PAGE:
The Bill of Rights: Its Origin and Meaning

The Bill of Rights: Its Origin and Meaning

The Bill of Rights: Its Origin and Meaning

The Bill of Rights: Its Origin and Meaning

Excerpt

The American people have been blessed with a Bill of Rights at least since 1791, when the ratification of the first ten amendments to the Constitution was completed. There is reason to say "at least" since then, for when a great outcry went up that the Constitution framed in 1787 contained no Bill of Rights, the reply was made that the entire document was a charter of rights and liberties. Both in the character of the original Constitution and in its specific details, that was true to a much greater extent than alarmed citizens realized. Yet as a charter of freedom it was woefully deficient. By oversight and underestimate, great gaps were left in the protective armor against governmental oppression and the tyranny of popular majorities. Responding to a nationwide demand, the first Congress of the United States undertook to supply what was missing. It seemed to have done so with the submission to the states, in 1789, of twelve amendments, all of which were promptly ratified except two of trivial importance relating to the composition and pay of Congress.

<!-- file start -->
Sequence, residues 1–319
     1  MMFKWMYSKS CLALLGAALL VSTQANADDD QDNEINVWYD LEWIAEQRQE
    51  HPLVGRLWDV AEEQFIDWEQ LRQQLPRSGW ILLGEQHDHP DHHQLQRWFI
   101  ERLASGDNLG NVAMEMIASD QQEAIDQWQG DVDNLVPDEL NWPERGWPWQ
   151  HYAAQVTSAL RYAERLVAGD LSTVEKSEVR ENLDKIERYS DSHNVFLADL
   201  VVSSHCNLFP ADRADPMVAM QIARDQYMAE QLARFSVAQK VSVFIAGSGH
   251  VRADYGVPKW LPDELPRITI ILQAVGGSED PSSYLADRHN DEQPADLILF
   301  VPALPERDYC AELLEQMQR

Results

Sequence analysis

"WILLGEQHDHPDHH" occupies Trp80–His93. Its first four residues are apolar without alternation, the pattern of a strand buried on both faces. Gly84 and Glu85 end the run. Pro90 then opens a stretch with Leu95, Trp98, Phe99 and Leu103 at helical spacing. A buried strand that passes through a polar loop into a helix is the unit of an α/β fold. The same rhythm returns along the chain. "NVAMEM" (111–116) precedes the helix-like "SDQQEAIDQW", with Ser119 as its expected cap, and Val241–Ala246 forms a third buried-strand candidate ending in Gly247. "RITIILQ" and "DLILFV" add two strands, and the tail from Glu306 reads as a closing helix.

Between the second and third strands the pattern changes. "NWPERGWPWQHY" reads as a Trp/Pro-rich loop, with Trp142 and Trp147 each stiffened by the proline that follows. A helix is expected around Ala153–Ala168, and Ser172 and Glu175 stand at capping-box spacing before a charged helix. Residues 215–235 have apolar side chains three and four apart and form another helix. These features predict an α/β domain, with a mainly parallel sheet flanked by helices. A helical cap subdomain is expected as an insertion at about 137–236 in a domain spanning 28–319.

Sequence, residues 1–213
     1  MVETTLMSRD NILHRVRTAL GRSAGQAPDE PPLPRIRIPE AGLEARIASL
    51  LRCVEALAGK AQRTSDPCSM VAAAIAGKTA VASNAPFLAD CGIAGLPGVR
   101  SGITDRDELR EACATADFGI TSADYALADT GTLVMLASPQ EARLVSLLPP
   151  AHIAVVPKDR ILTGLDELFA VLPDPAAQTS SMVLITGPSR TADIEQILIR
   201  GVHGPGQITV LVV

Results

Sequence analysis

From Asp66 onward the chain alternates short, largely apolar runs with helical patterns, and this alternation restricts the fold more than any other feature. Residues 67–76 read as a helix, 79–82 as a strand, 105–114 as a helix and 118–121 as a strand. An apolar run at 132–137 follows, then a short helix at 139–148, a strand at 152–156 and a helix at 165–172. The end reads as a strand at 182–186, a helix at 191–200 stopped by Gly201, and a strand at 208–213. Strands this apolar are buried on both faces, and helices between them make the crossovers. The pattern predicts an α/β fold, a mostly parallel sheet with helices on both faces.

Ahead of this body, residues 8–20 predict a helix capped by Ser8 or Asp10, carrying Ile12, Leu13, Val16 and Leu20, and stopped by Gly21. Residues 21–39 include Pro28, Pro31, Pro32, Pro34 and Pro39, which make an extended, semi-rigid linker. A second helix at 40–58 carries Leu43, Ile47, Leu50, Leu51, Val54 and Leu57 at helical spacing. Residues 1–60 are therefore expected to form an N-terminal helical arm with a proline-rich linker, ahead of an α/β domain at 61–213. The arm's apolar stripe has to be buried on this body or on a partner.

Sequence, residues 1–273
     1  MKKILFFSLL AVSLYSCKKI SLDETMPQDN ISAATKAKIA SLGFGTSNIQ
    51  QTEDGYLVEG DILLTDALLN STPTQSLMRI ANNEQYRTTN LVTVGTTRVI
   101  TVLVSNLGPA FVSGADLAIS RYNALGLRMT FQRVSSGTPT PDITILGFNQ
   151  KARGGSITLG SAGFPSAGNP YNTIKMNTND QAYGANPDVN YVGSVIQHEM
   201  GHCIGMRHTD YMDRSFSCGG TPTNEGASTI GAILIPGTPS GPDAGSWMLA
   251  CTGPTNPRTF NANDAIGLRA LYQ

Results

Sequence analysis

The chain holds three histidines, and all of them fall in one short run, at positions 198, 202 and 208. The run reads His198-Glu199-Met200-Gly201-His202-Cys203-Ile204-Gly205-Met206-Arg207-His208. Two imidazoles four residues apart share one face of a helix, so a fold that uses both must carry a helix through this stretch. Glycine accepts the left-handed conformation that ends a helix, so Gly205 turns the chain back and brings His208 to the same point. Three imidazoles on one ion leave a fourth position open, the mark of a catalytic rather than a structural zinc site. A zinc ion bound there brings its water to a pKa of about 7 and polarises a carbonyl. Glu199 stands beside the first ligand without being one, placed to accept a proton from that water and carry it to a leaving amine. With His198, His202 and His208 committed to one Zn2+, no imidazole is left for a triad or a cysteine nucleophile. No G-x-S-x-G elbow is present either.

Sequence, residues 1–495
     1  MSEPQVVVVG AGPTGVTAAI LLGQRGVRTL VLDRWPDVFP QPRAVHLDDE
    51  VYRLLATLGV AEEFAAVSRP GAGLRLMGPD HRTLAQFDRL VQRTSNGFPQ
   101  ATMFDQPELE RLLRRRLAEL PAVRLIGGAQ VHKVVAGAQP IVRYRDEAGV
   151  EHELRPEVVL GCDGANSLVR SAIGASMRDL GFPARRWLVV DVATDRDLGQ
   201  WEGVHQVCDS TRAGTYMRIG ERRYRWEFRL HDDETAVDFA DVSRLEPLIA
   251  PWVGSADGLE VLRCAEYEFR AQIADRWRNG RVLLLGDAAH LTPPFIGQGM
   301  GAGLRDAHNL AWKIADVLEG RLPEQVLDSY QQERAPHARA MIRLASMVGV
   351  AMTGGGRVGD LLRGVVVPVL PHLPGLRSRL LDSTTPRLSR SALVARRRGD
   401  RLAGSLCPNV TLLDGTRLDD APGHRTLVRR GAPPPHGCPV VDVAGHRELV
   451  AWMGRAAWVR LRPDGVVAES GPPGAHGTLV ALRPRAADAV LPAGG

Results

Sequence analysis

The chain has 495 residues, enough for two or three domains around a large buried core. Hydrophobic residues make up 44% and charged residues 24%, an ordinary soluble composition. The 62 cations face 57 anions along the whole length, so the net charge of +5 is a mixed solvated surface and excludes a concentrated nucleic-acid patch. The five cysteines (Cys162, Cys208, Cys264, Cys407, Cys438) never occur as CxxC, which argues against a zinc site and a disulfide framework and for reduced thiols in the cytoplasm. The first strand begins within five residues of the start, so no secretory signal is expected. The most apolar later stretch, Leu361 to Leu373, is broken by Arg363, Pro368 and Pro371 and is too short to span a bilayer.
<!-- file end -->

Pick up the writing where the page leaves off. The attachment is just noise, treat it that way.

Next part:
The name "Bill of Rights" was at once applied to these ten amendments, but in a truly national sense it was a misnomer. The restraints contained in them were imposed solely upon the federal government: the states were untouched by these prohibitory mandates. That seemed of little moment at the time, since most of the states had their own bills of rights and citizens of those states had varying degrees of double protection.

Seventy years passed. The Civil War came, dividing the nation by its onset and cementing it by force in its outcome. As one result . . .

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